Army of Tennessee Late War 
1st and 4th Missouri Consolidated Infantry  
February 1864 – April 1865

Note: This impression differs little from the mid war impression except there are a few more options to choose from. By this time they are on Hood’s Tennessee campaigns, and end at Fort Blakeley, Alabama. The condition of the uniforms should be worn (not cut all to pieces) and show signs of active campaigning. You are looking for more CS issued items to include English imported leather items. 
Head gear:

Slouch hat - A good civilian slouch hat should have gross grain ribbon around the edge and crown of the hat. Found in black, dark and light browns. Remember your hat can make or break your impression!

Kepi- should be made in proper period fashion, with a leather or oil/paste board bill with or without chin strap- try to avoid the chin strap buckle as that is typically seen on federal forage caps. Try for civilian or federal eagle buttons. Avoid CSA or I buttons with the main body made of jean, cassimere or, sattinete in gray or browns.


Jones Jacket - Columbus Depot type, should have a gray body of Jean or Cassimere, with dark indigo dyed collar and cuff and an outside left breast pocket. The Jones jacket is documented to the 1st/4th MO and consists of a jean body in natural gray sheep’s wool with a brown cotton warp, cotton osnaburg lining, the collar and cuff are faced with Dark indigo Dyed kersey wool, the inside of the collar is cassimere of a gray wool and tan cotton, use either federal eagle, cast block I in red or yellow brass, or wooden buttons. The top stitching and construction of the jacket should be machine sewn with brown thread, with hand sewn button holes, sleeve attachment, left breast pocket top stitching, and cuff top stitching.

Columbus Depot type II - This jacket is similar to the Jones jacket and would be a good generic type. It should be made of Gray jean, or cassimere with an osnaburg lining, dark indigo dyed kersey is preferred for the cuff and collar. The main body can be hand or machine sewn however button holes should be machine sewn at minimum. , Use either federal eagle, cast block I in red or yellow brass, or wooden buttons.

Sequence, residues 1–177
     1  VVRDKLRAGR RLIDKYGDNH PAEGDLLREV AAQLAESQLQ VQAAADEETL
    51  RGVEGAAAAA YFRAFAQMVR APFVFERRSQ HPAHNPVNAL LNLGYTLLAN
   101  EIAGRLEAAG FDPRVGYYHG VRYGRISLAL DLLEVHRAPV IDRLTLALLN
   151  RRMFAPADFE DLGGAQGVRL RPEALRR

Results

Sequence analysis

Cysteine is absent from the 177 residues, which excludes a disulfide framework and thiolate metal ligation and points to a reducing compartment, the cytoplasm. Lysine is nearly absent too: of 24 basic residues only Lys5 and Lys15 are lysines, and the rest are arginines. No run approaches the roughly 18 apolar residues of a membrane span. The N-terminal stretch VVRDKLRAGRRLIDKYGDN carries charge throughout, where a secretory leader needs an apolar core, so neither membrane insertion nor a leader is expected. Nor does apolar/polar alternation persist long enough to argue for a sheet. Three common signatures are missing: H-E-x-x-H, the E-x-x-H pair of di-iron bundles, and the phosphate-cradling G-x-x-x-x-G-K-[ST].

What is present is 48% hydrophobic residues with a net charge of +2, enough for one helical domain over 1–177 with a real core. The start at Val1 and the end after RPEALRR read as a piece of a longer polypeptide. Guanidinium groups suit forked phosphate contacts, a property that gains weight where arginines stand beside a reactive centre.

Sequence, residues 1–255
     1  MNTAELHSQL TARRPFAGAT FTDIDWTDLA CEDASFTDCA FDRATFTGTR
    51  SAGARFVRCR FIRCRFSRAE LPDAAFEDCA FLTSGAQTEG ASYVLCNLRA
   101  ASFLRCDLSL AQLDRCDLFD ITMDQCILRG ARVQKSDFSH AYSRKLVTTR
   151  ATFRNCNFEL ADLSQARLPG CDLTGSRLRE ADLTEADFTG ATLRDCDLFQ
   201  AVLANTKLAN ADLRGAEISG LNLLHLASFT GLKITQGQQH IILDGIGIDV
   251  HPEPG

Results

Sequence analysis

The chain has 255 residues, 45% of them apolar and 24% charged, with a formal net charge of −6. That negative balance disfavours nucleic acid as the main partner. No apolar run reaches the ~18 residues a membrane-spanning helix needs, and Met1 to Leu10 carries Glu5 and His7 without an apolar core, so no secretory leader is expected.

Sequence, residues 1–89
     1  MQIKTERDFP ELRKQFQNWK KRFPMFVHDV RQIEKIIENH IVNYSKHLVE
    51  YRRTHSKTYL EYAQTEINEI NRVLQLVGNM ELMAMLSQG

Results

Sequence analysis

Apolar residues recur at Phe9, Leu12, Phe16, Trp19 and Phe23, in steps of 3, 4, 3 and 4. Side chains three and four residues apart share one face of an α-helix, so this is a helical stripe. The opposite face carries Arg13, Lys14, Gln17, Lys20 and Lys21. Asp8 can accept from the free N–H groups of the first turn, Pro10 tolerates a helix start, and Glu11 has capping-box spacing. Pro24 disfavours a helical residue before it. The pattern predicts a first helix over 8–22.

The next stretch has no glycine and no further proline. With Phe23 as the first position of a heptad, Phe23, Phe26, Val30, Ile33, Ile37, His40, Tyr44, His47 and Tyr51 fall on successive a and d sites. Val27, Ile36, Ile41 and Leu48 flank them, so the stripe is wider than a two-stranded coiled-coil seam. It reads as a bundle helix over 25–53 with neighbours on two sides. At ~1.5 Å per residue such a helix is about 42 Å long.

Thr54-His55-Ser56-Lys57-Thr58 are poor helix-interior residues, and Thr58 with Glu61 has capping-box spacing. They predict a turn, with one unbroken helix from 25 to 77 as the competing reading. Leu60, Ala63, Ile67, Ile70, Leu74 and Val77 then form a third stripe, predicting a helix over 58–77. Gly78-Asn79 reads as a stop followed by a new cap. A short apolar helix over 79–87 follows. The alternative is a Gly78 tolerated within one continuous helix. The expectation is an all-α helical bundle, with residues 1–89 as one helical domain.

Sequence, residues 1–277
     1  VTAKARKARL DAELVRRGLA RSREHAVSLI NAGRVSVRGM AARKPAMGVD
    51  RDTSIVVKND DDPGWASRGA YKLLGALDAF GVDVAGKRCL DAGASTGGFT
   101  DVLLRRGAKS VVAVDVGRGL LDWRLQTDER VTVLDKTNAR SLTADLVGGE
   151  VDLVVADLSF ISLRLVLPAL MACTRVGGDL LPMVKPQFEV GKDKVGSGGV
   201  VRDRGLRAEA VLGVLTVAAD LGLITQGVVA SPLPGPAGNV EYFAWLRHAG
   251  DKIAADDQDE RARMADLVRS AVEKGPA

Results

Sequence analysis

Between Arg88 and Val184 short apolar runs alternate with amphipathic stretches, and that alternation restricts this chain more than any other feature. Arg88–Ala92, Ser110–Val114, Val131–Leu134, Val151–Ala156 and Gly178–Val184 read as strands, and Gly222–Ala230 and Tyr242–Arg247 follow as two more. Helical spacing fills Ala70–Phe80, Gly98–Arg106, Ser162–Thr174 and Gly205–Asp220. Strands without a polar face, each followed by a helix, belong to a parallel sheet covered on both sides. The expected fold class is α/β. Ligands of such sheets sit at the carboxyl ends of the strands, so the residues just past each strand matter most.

Non-descript/ “Commutation” jacket - This type of jacket or Shell/roundabout should be used in small numbers however it is acceptable for use when a Columbus Depot (CD) type is not at hand. This jacket should be of gray to brown jeans, cassimere, or sattinete. With Cotton osnaburg or civilian shirting of plain or woven designs (Avoid printed patterns). The buttons could range from 5 to 9 and you can use civilian coin, good year, wooden, or Block I or Federal eagle. (Avoid CSA and script I buttons for this jacket.) This jacket can have shoulder straps or not. Try to avoid branch of service trim or piping. You are looking for a generic look with this jacket.

4 button coat - This coat is a good late war coat based off of the sack coat design not to be confused with a federal fatigue blouse! It should be made of Jeans in brown or tan, with wood, rubber, or civilian coin buttons.